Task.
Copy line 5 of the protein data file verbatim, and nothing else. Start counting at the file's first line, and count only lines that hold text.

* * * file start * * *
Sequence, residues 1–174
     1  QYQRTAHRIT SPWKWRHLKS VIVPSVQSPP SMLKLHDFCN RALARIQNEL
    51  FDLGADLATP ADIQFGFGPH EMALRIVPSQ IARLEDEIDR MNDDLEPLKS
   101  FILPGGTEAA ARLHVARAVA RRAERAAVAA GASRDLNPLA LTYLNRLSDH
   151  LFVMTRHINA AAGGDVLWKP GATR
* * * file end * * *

   151  LFVMTRHINA AAGGDVLWKP GATR